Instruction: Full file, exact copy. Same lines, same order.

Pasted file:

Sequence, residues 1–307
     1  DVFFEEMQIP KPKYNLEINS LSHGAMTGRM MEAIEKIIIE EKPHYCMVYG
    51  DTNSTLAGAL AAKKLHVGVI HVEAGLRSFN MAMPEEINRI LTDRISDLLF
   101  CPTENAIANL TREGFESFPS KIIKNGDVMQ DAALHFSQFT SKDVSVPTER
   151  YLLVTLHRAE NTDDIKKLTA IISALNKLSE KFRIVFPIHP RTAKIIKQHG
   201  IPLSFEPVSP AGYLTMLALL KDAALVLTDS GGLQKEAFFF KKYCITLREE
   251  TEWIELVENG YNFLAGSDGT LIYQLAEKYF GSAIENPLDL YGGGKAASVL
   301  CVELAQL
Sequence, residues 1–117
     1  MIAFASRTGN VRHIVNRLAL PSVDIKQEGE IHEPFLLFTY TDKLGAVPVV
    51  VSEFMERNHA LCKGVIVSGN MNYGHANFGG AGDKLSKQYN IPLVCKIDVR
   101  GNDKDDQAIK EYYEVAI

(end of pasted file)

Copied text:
Sequence, residues 1–307
     1  DVFFEEMQIP KPKYNLEINS LSHGAMTGRM MEAIEKIIIE EKPHYCMVYG
    51  DTNSTLAGAL AAKKLHVGVI HVEAGLRSFN MAMPEEINRI LTDRISDLLF
   101  CPTENAIANL TREGFESFPS KIIKNGDVMQ DAALHFSQFT SKDVSVPTER
   151  YLLVTLHRAE NTDDIKKLTA IISALNKLSE KFRIVFPIHP RTAKIIKQHG
   201  IPLSFEPVSP AGYLTMLALL KDAALVLTDS GGLQKEAFFF KKYCITLREE
   251  TEWIELVENG YNFLAGSDGT LIYQLAEKYF GSAIENPLDL YGGGKAASVL
   301  CVELAQL
Sequence, residues 1–117
     1  MIAFASRTGN VRHIVNRLAL PSVDIKQEGE IHEPFLLFTY TDKLGAVPVV
    51  VSEFMERNHA LCKGVIVSGN MNYGHANFGG AGDKLSKQYN IPLVCKIDVR
   101  GNDKDDQAIK EYYEVAI